The double-whammy of both global oil and gas prices surging is threatening to dim the chances of a sustained energy demand recovery that India is expecting after a long period of slow growth, clouding the outlook for spot LNG and crude oil purchases.
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With various sectors of the economy already starting to feel the pain of high fuel prices, industry sources said Indian oil and gas importers were mainly sticking to their term contracts and only occasionally picking up spot cargoes, a trend that is likely to continue in the near term.
"High oil and gas prices bring bad news for GDP and inflation," said Dharmakirti Joshi, chief economist at CRISIL, a unit of S&P Global.
"From an inflation perspective, it has a direct as well as a more pronounced indirect and cascading impact, because oil and gas prices feed into key input costs of sectors such as transport, manufacturing and fertilizers. It makes the recovery process difficult," Joshi added.
With global oil prices surging to pre-pandemic levels, retail gasoline prices in the Indian capital recently soared to record highs of Indian Rupees 100/liter. But the international price of oil is not solely responsible for high domestic retail prices; domestic taxes also account for a large portion.
"India's oil demand is recovering as the COVID situation in the country has improved. Although high fuel prices could slow its recovery somewhat, we expect oil prices to ease in the coming months as summer driving demand starts to wane, and with the likely return of Iranian barrels and higher US supply to weigh on balances," said Lim Jit Yang, adviser for Asia-Pacific oil markets at S&P Global Platts Analytics.
Platts Analytics expects Dated Brent prices to average around $77/b this month before easing toward $66/b by the end of the year.
LNG in the same boat
A leading Indian LNG importer said that high prices across the board for all fuels had also left little room for fuel switching between oil and gas, adding that LNG regasification at some of the key terminals was currently down around 15% from the same time last year.
"The only good thing is that we have many term cargoes that are coming in as per schedule. That will take care of any incremental demand, but spot imports will remain subdued in the near term," the source added.
The Platts West India Marker, or WIM, was assessed at $13.029/MMBtu on July 9, compared with $11.450/MMBtu a month ago and $9.325/MMBtu two months earlier.
"A lot of Indian buyers have got used to the seasonality of demand and prices in colder regions and are now in shock as summer prices have reached levels which they are used to seeing in winter," another trader in India said.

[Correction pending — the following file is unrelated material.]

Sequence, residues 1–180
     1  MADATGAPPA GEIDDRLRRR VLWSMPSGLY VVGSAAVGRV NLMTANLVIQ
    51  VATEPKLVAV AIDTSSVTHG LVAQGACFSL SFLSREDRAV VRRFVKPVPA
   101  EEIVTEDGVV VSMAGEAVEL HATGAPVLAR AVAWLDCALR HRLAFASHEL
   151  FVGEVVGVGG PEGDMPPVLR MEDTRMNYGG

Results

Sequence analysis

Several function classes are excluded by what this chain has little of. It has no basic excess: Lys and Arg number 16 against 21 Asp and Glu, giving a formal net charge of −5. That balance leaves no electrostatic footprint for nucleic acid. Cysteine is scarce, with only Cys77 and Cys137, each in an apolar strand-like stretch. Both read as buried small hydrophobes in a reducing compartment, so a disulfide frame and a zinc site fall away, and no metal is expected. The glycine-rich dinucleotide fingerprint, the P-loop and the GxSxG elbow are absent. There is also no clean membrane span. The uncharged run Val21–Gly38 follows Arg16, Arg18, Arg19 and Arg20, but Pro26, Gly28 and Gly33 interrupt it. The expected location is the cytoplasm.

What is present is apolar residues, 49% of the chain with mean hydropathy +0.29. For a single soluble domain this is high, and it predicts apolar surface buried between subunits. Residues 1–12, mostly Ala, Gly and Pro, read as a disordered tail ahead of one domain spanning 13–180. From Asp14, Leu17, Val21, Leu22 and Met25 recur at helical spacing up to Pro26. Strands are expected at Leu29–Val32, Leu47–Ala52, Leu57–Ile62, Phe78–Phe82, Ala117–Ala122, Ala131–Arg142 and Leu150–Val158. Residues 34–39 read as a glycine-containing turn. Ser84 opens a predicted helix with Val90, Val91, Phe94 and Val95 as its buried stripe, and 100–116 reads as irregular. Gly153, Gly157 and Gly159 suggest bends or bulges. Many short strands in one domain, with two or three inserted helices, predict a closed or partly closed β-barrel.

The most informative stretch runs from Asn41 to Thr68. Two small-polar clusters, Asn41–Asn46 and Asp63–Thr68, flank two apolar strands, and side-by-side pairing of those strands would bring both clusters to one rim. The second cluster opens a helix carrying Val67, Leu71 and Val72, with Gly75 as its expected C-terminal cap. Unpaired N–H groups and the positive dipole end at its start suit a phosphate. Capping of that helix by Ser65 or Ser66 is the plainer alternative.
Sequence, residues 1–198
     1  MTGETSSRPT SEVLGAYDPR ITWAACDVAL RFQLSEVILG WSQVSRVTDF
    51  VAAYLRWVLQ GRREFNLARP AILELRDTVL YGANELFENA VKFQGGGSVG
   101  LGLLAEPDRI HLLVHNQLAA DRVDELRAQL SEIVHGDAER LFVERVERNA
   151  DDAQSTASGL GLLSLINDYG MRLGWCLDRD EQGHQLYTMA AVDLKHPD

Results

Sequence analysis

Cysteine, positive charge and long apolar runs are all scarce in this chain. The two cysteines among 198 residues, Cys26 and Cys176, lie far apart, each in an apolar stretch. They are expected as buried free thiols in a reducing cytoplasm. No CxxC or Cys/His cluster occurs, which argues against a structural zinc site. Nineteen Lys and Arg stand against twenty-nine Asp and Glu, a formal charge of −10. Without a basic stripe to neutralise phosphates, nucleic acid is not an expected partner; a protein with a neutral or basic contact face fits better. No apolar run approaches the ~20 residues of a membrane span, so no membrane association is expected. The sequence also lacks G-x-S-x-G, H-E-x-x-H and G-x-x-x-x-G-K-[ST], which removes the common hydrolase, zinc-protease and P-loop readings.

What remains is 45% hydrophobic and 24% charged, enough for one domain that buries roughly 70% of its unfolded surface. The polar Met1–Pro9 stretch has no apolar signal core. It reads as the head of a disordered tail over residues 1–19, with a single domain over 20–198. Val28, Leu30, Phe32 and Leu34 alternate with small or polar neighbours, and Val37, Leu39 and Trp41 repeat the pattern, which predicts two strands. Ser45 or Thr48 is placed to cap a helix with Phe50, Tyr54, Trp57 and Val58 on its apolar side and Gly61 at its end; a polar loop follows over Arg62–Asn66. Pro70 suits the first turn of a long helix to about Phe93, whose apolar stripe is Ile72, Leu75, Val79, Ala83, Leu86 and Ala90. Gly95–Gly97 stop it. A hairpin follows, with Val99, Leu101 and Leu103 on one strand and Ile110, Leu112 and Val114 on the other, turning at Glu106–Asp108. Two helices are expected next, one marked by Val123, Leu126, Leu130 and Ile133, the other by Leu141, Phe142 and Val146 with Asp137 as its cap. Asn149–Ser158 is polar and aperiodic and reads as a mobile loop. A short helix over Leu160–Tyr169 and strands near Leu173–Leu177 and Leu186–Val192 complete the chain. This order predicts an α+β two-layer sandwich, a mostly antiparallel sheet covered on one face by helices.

Jeff Moore, manager for Asian LNG Analytics at Platts, said India had shown some unwillingness to take LNG at such high prices, mostly in the form of unawarded tenders, adding that LNG imports fell by 13% in June compared to year-ago levels to reach 87 million cu m/d.
"However, given the resurgence in economic activity as the country recovers from the recent wave of COVID-19 lockdowns, imports are still expected to pick up from June's level in the months ahead to average more than 90 million cu m/d in Q3," Moore said.
An Indian end-user said that with refinery operations in India returning to normal levels, as well as fertilizers and industrial demand coming back with full force, pent-up demand could encourage spot LNG buying activity in coming months.
"I think there will be more buying from India soon. Summer season is ending in India and peak demand is here. Buyers don't want to wait any longer for a price correction downwards," the end-user added.
But on the other hand, other market sources remained bearish about spot LNG demand returning to levels seen prior to the second wave of COVID-19 cases in the country.
"We do see improvement in downstream demand but spot prices are really high now, so we aren't interested for now. We might see demand for only 1-2 cargoes per month from India if this goes on," an Indian buyer noted, adding that spot LNG appetite would be on a hand-to-mouth basis if the double-digit spot price environment continued for long.
Petronet closed a buy tender on June 30 for four cargoes, but it did not subsequently award the tender due to very high offer prices, trade sources said. The state-run firm closed another tender on July 9 for delivery of one H2 July-delivery cargo into Dahej terminal. However, this tender was also heard to have not been awarded. The company was heard to have subsequently re-issued a tender for the same requirement.